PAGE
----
Bolting from the footy blues

An under-16 grand final set Calder Cannons key forward Noah Balta on the path towards joining the NAB AFL Academy and becoming one of the TAC Cup’s top 2017 AFL Draft prospects.

Balta’s 2015 season with Essendon Doutta Stars in the Essendon District FL broke him out of a football funk that could have seen the 194cm 17-year-old lost to the game.

His performance in the Stars’ under-16 premiership triumph provided the foundation for an impressive 2016 campaign at Calder in which he booted 18 goals in eight games.

Balta’s form was recognised late last year with elevation to the AFL Academy alongside junior teammate and good friend Cameron Rayner of the Western Jets.

“It was that game (that changed things) – when something’s on the line, I realise how well I can play,” Balta said of the under-16 grand final. “Cam got named best-on-ground but all the other boys were saying I should have got it!

“I thought: ‘Why can’t I play like that all the time?’ and then I just started going for it.

“In under-12 football I was a good player, but everyone started to catch up to me and I think it kind of got my head down. I started to become an average player and talked myself down, but I started lifting again and realised what I could do.

“It was that whole under-16 season. I worked with (former Essendon and Geelong ruckman) John Barnes that pre-season – he helped me with my skills and he’s very honest with me.”

Balta named Barnes as one of the most significant influences on his football career to date, but his addition to an AFL Academy Level Two squad including 22 other TAC Cup players should see a few more influential names added to that list.

Balta attended the Academy’s annual high-performance training camp in the United States in January, spending a week training at the IMG Academy in Florida before a further week in Los Angeles under the eyes of former AFL champions such as head coach Luke Power and assistants Brad Johnson, Peter Sumich and Nick Dal Santo.

“They’ve had the AFL experience and I want to be like them and do what they’ve done,” Balta said of his Academy coaches. “To do that, I’ve got to listen to what they say and really take it in.

“I learnt I could push harder than I thought I could (on the US camp). You think you’ve got a certain level of potential but then once you think you’ve reached it, you just blast right past it with an experience like that.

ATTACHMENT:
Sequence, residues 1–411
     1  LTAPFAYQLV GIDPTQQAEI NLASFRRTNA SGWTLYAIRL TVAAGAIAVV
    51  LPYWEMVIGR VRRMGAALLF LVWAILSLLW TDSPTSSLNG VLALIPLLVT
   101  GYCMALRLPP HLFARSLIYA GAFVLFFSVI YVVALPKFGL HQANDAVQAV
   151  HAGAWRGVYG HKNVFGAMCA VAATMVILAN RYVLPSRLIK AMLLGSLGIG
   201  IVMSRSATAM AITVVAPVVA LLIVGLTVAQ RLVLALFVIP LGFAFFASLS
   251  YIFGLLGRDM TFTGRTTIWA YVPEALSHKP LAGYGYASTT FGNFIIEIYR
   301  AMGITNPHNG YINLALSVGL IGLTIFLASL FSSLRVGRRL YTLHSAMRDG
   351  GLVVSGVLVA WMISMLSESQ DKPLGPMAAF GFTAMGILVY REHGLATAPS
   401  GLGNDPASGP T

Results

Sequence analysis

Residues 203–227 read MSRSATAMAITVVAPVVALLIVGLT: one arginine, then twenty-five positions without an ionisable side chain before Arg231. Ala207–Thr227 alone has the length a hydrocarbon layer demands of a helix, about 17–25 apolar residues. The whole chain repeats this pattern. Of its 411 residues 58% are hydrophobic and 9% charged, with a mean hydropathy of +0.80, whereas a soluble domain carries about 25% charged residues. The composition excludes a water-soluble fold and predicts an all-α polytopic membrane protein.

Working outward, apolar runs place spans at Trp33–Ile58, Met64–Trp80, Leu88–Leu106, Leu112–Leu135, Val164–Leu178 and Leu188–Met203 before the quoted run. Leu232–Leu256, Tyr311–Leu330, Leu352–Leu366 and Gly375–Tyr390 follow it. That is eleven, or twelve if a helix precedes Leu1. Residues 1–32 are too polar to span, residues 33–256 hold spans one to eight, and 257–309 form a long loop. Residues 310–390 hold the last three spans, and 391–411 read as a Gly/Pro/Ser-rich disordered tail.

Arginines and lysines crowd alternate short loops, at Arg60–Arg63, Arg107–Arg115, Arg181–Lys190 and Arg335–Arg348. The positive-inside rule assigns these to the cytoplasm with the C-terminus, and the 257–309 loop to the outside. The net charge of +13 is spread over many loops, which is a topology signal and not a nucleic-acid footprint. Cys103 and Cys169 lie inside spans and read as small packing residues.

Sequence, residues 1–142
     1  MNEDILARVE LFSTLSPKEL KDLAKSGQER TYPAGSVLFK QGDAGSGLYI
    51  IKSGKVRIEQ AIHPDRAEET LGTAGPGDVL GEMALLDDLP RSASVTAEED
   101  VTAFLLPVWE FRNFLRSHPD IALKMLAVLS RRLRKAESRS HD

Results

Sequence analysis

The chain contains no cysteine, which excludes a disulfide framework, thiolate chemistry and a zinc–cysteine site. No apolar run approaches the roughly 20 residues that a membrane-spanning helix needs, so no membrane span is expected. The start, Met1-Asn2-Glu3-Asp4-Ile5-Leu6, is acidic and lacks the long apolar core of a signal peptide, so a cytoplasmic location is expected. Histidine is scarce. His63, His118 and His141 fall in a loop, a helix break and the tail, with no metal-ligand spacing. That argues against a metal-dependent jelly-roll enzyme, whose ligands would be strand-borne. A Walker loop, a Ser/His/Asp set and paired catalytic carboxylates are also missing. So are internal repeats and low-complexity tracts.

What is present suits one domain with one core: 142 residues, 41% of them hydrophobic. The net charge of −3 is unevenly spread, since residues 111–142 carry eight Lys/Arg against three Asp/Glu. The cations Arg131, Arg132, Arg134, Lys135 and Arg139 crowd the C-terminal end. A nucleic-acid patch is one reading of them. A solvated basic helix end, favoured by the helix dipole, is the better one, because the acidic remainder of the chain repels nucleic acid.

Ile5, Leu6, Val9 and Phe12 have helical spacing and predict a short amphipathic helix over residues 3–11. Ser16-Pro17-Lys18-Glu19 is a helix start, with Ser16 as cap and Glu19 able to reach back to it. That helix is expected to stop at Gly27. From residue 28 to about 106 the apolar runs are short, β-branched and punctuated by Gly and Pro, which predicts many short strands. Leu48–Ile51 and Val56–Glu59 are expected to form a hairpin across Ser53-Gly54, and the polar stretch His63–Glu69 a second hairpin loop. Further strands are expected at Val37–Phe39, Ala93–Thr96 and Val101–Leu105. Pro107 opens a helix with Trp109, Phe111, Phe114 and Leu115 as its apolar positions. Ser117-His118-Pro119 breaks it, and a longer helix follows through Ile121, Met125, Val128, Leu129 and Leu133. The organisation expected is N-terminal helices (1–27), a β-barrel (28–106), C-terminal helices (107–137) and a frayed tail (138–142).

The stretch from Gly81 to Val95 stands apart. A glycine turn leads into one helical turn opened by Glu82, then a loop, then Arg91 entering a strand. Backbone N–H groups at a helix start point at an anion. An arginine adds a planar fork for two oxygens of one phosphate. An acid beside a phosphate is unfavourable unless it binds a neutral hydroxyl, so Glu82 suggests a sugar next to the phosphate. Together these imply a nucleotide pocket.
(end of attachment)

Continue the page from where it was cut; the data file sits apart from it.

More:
“On one of the big days we had a 3km time trial and then sprints, and a couple of boys –myself included – were really fatigued and we kind of slowed down before the line and had to re-do it.

“Everyone got behind you. From a group that was nothing together (before the camp) to how we’ve bonded now, it’s really something special.”

Cannons Talent Manager Ian Kyte has seen Balta fully invest himself in his football during his time at the club, with the resolution of eyesight problems also a key factor in his rise to prominence.

“He’s dramatically improved his footy over the last seven or eight months,” Kyte said.

“That’s been helped by getting contact lenses, so he actually sees the game and what’s going on down the other end a lot better than he used to. We’ve found that’s really helped his marking and his depth perception of where the ball is.”

Balta only wears the contact lenses while playing football but has noticed he’s running under the ball less often and that marks had “started clunking a bit more”.

Kyte said Balta would likely be used mostly as a power forward in 2017, but would also pinch-hit in the ruck and “could nearly play as an on-baller, which we did with him a couple of times last year”.

No matter where he plays on the field this season, Balta wants to throw everything into making it work. His main goal for 2017 is to be selected by an AFL club come November, but he won’t let his head drop if that dream doesn’t come to fruition.

“I just want to know I’ve done the best I could and that I couldn’t push any harder,” Balta said.

It’s a mindset far from the one he was in just a couple of years ago.


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